Half Bad, the debut witch novel for teens by Sally Green hit the headlines recently after breaking a Guinness World Record for most translated book pre-publication. It’s already been sold into over forty-five territories and the film rights have been snapped up by Fox 2000.
It’s the story of Nathan, a Half Code – son of a white witch and a black witch – who at the opening of the book is locked in a cage. Whites are ‘good’ witches, rulers of the witching world and terrified of the more dangerous and unpredictable black witches.
Nathan’s father is Marcus, the darkest and most hated black witch of all, a man he has never met. The only person who can kill Marcus (according to a prophecy) is his own son. So Nathan is stolen away from his family by the white witch Council, locked in a cage and trained to fight and eventually kill his own father.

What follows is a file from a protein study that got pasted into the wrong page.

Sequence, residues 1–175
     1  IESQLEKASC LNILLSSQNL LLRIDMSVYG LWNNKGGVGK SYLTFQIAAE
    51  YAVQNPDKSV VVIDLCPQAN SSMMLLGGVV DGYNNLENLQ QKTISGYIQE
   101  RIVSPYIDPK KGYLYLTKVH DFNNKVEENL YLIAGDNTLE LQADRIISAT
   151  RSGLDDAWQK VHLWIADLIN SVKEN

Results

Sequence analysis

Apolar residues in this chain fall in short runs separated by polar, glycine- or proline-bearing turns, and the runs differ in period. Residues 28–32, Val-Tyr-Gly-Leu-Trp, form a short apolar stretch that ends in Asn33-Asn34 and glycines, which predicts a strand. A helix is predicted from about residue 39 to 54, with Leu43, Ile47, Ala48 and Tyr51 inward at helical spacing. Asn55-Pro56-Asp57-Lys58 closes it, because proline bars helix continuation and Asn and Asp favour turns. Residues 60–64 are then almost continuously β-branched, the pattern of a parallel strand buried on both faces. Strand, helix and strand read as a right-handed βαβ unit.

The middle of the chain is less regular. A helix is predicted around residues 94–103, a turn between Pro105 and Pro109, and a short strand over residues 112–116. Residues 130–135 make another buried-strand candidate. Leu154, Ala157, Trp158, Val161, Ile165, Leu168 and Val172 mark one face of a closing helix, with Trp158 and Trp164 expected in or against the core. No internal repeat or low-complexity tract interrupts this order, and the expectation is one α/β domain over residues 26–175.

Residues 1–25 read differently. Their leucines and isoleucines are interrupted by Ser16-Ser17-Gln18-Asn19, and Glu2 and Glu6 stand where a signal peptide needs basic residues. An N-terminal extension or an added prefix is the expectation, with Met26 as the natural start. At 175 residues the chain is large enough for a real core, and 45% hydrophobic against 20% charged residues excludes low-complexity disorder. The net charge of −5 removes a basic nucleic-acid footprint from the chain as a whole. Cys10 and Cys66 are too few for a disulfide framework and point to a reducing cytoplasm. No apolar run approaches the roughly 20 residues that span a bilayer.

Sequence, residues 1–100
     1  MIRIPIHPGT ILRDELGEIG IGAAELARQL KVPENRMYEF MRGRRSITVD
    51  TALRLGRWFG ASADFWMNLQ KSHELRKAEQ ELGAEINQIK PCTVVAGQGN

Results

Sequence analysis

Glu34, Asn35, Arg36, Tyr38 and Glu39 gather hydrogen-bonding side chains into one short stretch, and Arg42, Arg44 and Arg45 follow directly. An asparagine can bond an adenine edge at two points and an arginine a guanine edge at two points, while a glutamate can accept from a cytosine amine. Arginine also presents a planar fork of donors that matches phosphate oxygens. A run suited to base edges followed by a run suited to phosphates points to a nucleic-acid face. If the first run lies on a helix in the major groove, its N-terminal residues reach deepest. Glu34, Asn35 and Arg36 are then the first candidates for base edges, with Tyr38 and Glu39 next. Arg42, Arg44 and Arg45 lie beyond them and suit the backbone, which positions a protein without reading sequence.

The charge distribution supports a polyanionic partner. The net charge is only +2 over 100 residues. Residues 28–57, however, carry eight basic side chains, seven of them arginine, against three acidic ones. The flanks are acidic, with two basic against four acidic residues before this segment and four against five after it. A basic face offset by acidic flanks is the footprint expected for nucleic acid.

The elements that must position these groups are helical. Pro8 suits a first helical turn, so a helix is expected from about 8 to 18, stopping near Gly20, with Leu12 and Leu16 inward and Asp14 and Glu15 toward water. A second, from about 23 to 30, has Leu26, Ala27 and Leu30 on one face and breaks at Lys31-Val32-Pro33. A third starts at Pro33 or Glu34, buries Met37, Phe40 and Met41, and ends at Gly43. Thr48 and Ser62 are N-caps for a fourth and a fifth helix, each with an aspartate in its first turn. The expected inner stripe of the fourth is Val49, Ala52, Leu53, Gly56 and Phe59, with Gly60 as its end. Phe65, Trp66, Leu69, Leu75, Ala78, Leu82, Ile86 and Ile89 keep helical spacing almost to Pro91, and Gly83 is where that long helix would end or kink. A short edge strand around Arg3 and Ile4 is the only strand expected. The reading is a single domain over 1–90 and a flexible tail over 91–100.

Nathan is a boy who teenage girls will fall in love with and teenage boys will want to be. For that reason alone, Sally Green is on to a winner. Believe the hype, witches are the next big thing.
So who is the woman behind this record breaking book? And where did she get the idea for her extraordinary book?
I meet Sally Green in the foyer of the Gresham Hotel in Dublin’s city centre along with her editor from Penguin, Ben Horslen. I was expecting witchy black leather and denim but she’s dressed in a beautifully cut white shirt and carrying a glitzy white leather handbag. She immediately settles back into her seat and starts to talk about Half Bad with touching love and enthusiasm.